Dissolution Dynamic Nuclear Polarisation (d-DNP) is another method for generating strong NMR signals, but in solutions rather than solids. This is achieved by polarizing nuclear spins using microwave irradiation, followed by a rapid dissolution with hot solvent. The d-DNP setup at the University of Nottingham is based on a dual iso-centre magnet with its top section (3.4 T) used for polarizing the sample at low temperatures (~1.8 K), and the bottom section (9.4 T) used for solution NMR measurements at room temperature. The system was optimized to achieve 300 ms dead time (time between start of dissolution process and recording a signal) during which the sample is dissolved and transferred into an NMR tube. Many protein folding, unfolding and aggregation events develop on a similar timescale. The refolding process of hen egg-white lysozyme was used as a model, to which 19F-containing labels were introduced.

Maximum nuclear polarization was achieved with 40 mM water soluble TEMPOL as a polarizing agent in the glassy partially deuterated water/DMSO at the optimal microwave frequency of 94.05 GHz. Hen egg-white lysozyme was chemically modified to covalently attach trifluoroacetyl groups (CF3CO-) to six surface exposed amines of lysine residues. The protein was dissolved in a matrix consisting of 60/30/10 v:v DMSO-d6/D2O/H2O with 40 mM TEMPOL polarizing agent and 100 mM 5-fluorouracil, presence of which is shown to improve the enhancements of lysozyme. 900 ms after the dissolution, the NMR signals were acquired using a 90o pulse. The signal enhancements for 19F-nuclei of lysozyme and 5-fluorouracil were ~300 and ~1000 respectively, which show overall suitability of the approach. Polarisation of 19F- labelled lysozyme under protein denaturing conditions followed by dissolution into protein folding conditions and acquisition of DNP enhanced protein signals shows the feasibility of tracking kinetic protein events using this methodology.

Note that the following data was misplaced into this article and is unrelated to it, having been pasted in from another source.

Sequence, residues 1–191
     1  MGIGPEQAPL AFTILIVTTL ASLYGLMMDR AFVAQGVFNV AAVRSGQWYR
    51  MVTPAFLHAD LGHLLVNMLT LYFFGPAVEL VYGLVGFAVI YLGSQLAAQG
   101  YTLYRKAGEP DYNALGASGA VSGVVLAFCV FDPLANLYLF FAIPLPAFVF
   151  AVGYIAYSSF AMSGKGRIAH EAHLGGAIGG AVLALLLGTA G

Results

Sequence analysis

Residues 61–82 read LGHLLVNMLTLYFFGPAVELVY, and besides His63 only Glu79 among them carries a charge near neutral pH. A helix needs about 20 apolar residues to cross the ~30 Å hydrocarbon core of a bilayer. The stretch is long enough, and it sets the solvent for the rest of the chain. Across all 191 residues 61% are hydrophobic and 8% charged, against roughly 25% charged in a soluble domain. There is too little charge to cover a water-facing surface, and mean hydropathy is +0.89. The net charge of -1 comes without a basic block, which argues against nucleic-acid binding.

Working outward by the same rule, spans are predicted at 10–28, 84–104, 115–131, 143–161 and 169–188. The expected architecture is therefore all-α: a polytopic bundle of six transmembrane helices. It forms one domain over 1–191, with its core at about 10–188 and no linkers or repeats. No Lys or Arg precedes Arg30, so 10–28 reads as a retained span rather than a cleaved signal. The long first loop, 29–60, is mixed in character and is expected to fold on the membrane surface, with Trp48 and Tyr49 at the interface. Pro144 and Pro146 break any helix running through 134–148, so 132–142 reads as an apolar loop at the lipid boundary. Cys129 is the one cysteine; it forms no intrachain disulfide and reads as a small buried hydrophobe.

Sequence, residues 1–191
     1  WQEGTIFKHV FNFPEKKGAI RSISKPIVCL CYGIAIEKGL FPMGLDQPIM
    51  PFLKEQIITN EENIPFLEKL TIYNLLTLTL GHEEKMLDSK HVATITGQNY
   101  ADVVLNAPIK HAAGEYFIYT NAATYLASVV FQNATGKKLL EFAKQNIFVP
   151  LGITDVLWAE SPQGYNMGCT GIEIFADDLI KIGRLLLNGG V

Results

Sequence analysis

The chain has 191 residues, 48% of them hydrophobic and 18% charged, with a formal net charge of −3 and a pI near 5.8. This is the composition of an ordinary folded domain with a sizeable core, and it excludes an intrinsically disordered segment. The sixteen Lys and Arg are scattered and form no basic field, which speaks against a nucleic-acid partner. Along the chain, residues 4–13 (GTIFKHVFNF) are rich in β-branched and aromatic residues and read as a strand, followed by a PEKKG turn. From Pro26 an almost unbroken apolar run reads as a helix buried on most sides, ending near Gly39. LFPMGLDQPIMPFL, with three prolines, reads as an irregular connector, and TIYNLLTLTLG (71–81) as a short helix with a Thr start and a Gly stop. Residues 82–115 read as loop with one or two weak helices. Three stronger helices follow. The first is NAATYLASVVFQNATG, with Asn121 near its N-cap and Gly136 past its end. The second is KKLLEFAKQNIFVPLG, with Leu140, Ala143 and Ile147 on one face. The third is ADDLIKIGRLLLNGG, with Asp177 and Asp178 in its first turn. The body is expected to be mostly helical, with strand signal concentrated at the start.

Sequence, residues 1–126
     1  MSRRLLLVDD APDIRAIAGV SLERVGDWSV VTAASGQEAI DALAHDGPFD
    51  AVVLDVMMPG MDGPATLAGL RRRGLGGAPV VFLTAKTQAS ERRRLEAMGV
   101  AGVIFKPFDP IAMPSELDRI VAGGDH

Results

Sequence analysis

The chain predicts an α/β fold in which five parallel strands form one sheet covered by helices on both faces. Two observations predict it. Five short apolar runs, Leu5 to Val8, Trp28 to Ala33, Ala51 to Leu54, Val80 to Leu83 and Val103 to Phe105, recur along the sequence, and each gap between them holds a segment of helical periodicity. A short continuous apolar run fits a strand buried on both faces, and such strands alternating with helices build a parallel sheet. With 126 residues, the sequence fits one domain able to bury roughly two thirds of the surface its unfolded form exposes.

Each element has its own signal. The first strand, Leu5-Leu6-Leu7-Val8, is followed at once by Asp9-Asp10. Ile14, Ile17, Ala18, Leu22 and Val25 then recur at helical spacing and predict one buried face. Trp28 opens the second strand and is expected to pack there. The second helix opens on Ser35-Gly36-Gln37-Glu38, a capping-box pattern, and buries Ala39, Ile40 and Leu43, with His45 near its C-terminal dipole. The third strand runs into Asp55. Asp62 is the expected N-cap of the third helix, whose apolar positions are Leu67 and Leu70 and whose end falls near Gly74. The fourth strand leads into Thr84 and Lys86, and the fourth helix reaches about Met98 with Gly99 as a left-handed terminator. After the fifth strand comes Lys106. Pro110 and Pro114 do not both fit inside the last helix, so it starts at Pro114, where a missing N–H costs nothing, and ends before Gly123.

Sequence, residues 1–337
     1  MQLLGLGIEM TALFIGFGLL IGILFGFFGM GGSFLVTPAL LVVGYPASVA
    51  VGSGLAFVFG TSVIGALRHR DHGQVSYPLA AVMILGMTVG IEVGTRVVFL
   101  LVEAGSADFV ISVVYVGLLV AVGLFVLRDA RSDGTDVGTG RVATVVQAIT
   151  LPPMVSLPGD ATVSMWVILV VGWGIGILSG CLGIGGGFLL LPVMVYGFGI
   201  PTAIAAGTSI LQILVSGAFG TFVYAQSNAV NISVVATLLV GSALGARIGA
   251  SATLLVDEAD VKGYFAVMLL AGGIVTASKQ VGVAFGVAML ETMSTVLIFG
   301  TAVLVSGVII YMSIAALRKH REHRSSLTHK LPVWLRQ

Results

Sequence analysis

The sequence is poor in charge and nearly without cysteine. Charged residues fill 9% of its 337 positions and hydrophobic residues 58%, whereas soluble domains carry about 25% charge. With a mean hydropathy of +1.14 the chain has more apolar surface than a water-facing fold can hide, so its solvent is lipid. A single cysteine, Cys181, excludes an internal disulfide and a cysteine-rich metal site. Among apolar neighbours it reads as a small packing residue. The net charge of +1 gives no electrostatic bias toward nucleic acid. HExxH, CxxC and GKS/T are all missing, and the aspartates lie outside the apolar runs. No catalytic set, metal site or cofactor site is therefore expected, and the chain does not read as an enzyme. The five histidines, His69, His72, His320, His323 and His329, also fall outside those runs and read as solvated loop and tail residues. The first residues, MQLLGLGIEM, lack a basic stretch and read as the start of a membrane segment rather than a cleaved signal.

Item Type: Thesis (University of Nottingham only) (PhD)
Supervisors: Potapov, Alexey
Titman, Jeremy
Keywords: amyloid beta; peptides; nuclear polarization
Subjects: Q Science > QC Physics > QC350 Optics. Light, including spectroscopy
Q Science > QH Natural history. Biology > QH573 Cytology
Q Science > QP Physiology > QP501 Animal biochemistry
Faculties/Schools: UK Campuses > Faculty of Science > School of Physics and Astronomy
Item ID: 65228
Depositing User: Deo, Thomas
Date Deposited: 04 Aug 2021 04:41
Last Modified: 04 Aug 2021 04:41